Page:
Over 11,000 homeless individuals are cared for by Boston Health Care for the Homeless Program each year. We are committed to ensuring that every one of these individuals has access to comprehensive health care, from preventative dental care to cancer treatment. Our clinicians, case managers, and behavioral health professionals work in more than 45 locations to deliver the highest quality health care to some of our community’s most vulnerable—and most resilient—citizens. BHCHP provides care without regard to race, color, religion, gender, gender identity, sexual orientation, age, disability, veteran status, military service, national origin, immigration status, genetic information or marital status.



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We hope you all are using measures to keep yourself and your loved ones healthy.

People experiencing homelessness are exceptionally vulnerable to the coronavirus and its complications. Living in crowded shelters, with lack of access to sanitation, and with multiple underlying health issues, contraction and transmission of the illness can happen very quickly. BHCHP, in close collaboration with our shelter and hospital partners, the City, and the Commonwealth, has enacted a swift, comprehensive and multi-faceted COVID-19 response that continues to pivot as we learn more about this disease.

BHCHP has mobilized on the frontlines to confront the COVID-19 pandemic and its impact on the most vulnerable. In a rapid shift into disaster mode, BHCHP’s emergency plan includes:

  • On April 10, Boston Hope, the field hospital at the Boston Convention and Exhibition Center, opened its doors with a 1,000+ bed capacity for COVID-19 positive patients. We are proud partners at Boston Hope, providing clinical services under the same roof with Partners Healthcare and in cooperation with the City of Boston and the Commonwealth of Massachusetts. BHCHP manages a 500-bed ward for our patients experiencing homelessness and Partners Healthcare manages a 500-bed ward for patients that do not require hospitalization in an acute care facility.
  • Operating testing tents and mobilizing a clinical team to test patients for COVID-19 at select locations around the city,
  • Transforming a floor of our 24/7 Barbara McInnis House respite program (52-bed) into a COVID-19 unit caring for people with confirmed cases of COVID-19,  reducing the density at area hospitals,
  • Equipping and operating a 16-bed medical tent to stem the spread of the virus and care for people who have no safe place to self- isolate while awaiting test results (our sincere thanks to Mayor Walsh and to John Fish, CEO of Suffolk Construction for building the tents within a matter of days),
  • Operating a 24/7 phone hotline for shelter partners’ staff to seek advice from our clinical staff with any questions they have during this crisis,
  • Partnering, advising, and learning from our shelter partners, Boston Medical Center and MGH, the City, the Commonwealth, and our sister homeless programs throughout the country on established best practices to respond to this crisis.

At the outset of this pandemic crisis, BHCHP's financial outlook was bleak, with an estimated deficit of $1 million per month. Thanks to the outpouring of generosity that we have received, this budget shortfall has been partially defrayed, but the need persists as we continue to project a significant deficit.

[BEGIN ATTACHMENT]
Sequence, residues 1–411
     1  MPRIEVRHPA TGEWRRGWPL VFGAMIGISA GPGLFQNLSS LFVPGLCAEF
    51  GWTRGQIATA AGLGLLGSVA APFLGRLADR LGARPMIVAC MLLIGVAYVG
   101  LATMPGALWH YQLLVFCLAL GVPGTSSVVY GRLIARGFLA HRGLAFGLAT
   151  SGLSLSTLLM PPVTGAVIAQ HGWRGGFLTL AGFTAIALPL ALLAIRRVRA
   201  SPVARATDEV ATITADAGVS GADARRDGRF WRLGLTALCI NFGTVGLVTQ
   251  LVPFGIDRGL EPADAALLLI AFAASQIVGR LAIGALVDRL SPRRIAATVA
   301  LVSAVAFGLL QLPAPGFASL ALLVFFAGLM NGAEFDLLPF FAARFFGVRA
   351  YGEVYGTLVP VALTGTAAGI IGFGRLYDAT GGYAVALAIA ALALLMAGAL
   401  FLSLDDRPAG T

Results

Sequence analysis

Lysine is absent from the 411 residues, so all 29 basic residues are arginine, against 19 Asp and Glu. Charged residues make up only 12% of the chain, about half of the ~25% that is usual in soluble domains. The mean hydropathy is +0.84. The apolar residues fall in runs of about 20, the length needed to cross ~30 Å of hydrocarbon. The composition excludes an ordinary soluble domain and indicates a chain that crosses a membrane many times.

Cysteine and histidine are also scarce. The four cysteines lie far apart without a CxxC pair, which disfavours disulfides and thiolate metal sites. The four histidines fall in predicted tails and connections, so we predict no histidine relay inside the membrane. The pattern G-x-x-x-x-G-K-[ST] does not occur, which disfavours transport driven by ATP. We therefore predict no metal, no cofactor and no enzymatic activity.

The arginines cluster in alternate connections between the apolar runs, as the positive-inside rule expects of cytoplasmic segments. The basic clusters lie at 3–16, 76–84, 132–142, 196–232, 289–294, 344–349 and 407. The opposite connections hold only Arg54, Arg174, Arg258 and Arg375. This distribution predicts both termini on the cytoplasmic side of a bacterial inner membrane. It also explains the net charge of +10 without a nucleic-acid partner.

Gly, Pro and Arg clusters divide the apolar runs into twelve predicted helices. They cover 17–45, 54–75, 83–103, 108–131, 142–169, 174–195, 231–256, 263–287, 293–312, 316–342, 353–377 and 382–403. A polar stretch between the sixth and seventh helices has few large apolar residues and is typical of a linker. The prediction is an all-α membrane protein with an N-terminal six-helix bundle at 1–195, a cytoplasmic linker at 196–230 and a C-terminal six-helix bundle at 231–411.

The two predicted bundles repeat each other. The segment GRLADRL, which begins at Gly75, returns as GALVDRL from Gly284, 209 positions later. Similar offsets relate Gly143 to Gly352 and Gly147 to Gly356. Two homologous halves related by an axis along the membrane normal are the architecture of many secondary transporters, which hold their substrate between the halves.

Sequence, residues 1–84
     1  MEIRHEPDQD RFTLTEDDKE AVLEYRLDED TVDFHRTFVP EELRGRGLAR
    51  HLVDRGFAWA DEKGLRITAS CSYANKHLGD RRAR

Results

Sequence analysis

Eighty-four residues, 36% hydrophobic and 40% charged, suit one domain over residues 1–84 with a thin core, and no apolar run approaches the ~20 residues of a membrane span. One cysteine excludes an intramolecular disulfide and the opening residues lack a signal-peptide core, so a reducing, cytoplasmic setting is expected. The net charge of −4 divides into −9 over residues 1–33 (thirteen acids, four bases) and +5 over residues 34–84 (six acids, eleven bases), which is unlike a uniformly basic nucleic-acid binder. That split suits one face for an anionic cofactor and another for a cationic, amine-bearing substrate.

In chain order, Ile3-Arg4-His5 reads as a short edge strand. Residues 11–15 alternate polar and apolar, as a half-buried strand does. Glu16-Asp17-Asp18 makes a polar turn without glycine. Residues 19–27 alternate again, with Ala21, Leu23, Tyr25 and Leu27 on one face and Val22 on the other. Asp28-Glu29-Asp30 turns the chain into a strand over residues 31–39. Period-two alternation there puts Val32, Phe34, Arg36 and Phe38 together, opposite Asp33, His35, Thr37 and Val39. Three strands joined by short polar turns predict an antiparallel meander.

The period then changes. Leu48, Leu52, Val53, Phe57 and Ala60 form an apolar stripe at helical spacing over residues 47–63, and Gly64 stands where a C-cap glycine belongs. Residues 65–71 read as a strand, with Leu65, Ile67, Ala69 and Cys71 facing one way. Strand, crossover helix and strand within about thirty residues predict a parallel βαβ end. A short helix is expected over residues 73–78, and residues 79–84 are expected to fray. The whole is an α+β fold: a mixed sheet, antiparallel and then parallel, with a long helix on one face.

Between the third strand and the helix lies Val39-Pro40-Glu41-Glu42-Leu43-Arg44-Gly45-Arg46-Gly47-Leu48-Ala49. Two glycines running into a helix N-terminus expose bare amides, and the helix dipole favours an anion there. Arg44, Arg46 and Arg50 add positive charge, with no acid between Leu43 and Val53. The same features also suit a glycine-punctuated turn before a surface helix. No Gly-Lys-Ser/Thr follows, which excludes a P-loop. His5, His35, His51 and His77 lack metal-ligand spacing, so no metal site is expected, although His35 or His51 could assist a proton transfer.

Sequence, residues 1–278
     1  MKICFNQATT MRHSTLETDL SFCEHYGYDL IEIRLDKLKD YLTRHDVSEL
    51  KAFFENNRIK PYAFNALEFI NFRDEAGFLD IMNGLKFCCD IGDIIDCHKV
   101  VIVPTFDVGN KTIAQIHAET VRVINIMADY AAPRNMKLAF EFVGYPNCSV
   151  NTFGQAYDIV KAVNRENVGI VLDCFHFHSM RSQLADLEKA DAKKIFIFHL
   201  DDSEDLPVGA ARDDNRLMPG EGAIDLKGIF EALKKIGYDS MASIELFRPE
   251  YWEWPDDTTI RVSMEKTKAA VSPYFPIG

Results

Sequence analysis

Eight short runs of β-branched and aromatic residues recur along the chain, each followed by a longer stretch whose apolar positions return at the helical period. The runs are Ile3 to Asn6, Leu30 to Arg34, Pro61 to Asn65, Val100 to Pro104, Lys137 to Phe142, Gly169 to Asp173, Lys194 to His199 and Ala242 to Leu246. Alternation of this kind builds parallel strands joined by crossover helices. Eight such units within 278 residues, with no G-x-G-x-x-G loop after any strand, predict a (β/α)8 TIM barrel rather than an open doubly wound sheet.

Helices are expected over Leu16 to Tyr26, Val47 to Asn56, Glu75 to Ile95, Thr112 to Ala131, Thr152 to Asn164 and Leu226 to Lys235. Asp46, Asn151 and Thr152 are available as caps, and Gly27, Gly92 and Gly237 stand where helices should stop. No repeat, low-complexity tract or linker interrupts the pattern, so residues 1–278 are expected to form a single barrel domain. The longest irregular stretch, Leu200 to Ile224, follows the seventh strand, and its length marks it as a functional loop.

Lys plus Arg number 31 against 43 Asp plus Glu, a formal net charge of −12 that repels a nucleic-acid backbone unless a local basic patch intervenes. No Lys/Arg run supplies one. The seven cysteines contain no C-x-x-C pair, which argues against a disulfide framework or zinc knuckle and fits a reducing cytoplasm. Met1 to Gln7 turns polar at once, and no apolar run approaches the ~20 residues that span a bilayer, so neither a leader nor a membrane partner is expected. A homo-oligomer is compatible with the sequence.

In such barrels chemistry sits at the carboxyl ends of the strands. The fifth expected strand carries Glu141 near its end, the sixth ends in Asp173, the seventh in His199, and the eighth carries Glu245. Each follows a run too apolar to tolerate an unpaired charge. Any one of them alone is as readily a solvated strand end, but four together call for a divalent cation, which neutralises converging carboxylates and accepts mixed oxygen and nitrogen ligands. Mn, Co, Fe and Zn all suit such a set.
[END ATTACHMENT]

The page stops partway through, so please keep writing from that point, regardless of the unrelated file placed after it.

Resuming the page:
We are continually adapting our COVID-19 emergency plan as these unprecedented circumstances continue to evolve. BHCHP is proud and eager to bring our expertise to confront this public health crisis. We are grateful to our staff, whose courageous and skillful commitment to this effort is unwavering. We are grateful to you, our supporters, who allow us to do this lifesaving work each and every day. Thank you.

To read more about our work around our COVID-19 Response efforts, click hereThank you.

Stories from the Shadows: Reflections of a Street Doctor
by James O'Connell, MD


Dr. O'Connell’s collection of stories and essays, written during thirty years of caring for homeless persons in Boston, gently illuminates the humanity and raw courage of those who struggle to survive and find meaning and hope while living on the streets.

Learn more about the book.


Latest News

“If you wait for a cluster to develop, you are almost too late,” said Dr. Jim O’Connell, the president of the Boston Health Care for the Homeless Program, who took part in the study. “The lesson is that from the beginning of this epidemic, we should have been testing people in nursing homes, prisons and in shelters because that is where it is spreading asymptomatically, and it can be deadly before you know it.”


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"This is our moonshot. We've got to do the best we can to flatten what is right now a very steep upward curve among homeless people in Boston. We can't do it alone. I do think we need our intensivists and hospitalists working in the hospital. People that do community medicine, if you're not busy right now, we need you." Listen on WBUR here

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Jackie, one of our medical assistants, is a steady and welcoming presence at our clinic in Boston’s Southampton Street 438-bed men’s shelter. On any given day, she’s deftly multitasking, busy calming anxious patients, ascertaining their symptoms, taking vital signs, and assisting with benefits. She’s talented, balancing precision with a warmth that radiates throughout the clinic. And our patients respond to her by letting down their guard, sharing their struggles and asking for help.

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